The light from the galleries will emit a soft background glow that seems to dissolve the stone lacework, rendering visible the activity taking place in the event stairway and revealing to the city the warmth of the wood interior. Through this fretwork, visitors will perceive the multiple functions of the lobby and the vertical transition space between the liveliness of the street scene and that of the museum space.
The event stairway will not be just a device for efficient circulation but first and foremost a "slow" space designed for loitering. The concept shows a real concern for durable development and respect for the built heritage with the use of local stone from the Beauce and aluminum from Quebec. After a rigorous two-part selection process, the jury of the architectural competition unanimously chose Manon Asselin Architecte of L’Atelier TAG in consortium with Jodoin Lamarre Pratte Architectes for the design of the Michal and Renata Hornstein Pavilion for Peace.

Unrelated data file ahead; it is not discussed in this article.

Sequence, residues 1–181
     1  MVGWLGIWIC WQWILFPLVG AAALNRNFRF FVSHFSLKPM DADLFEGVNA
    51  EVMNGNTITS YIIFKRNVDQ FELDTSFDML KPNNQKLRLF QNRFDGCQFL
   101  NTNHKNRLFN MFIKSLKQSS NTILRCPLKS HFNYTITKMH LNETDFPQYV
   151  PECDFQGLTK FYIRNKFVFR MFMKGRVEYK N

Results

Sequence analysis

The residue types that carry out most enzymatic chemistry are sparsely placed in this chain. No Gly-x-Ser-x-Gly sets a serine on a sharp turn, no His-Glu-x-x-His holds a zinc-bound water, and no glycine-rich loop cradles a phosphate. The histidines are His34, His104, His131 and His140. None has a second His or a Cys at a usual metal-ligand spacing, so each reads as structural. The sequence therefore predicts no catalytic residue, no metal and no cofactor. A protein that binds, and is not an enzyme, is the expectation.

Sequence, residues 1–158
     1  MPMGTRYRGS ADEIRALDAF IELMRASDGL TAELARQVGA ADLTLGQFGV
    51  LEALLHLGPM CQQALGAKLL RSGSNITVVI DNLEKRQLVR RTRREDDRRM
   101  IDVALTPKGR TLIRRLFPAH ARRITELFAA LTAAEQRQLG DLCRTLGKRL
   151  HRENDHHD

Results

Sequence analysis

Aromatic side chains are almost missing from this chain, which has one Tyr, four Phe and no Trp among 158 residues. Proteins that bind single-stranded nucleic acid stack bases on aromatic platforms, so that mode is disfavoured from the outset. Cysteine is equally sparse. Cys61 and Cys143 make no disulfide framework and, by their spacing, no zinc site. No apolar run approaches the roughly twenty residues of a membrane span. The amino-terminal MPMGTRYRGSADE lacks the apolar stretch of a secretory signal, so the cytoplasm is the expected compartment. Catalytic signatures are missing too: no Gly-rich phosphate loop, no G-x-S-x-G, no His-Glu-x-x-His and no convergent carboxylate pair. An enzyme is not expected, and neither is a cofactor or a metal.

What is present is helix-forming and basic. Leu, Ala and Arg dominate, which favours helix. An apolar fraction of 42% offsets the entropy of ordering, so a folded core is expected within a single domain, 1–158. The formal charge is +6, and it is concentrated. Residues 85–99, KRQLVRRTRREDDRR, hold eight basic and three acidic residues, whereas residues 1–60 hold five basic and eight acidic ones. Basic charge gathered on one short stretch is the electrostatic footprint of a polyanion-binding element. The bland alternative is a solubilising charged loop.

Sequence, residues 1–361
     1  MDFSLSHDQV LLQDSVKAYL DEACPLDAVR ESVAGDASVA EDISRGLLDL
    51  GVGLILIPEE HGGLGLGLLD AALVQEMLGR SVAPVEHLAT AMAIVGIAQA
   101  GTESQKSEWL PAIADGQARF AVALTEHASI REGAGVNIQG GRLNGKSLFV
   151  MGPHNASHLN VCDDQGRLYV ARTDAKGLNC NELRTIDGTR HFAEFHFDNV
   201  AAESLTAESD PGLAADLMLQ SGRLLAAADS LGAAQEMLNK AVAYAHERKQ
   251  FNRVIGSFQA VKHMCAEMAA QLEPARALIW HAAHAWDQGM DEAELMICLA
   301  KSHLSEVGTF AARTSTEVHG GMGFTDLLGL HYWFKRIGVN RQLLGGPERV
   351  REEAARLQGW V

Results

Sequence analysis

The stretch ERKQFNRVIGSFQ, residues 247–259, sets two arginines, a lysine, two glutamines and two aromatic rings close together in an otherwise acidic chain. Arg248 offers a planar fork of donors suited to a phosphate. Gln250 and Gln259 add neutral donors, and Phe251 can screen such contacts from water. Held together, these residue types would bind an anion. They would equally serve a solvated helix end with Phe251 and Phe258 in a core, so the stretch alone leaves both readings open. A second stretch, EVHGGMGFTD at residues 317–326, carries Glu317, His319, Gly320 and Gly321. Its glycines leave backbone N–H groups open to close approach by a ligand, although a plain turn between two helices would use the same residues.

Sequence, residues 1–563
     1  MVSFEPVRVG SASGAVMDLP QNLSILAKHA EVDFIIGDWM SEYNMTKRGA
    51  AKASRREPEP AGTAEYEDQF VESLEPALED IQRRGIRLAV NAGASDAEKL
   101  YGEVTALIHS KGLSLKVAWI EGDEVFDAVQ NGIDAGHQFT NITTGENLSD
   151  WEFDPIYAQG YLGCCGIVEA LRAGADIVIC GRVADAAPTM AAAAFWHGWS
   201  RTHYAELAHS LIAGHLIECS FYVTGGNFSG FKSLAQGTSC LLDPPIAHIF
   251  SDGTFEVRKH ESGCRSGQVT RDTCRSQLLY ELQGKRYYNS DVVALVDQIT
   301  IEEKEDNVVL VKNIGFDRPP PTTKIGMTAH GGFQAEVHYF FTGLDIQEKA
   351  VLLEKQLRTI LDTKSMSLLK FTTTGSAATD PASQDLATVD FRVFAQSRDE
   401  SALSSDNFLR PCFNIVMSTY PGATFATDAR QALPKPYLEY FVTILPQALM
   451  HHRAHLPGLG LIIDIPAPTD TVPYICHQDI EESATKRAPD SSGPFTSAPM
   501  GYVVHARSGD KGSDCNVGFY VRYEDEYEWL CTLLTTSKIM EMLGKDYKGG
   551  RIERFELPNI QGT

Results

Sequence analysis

An Architectural Model Already Recognized by International Experts
While the construction of the fifth pavilion goes full speed ahead, the consortium of Manon Asselin (Atelier TAG) and Jodoin Lamarre Pratte Architectes is already garnering awards for its design!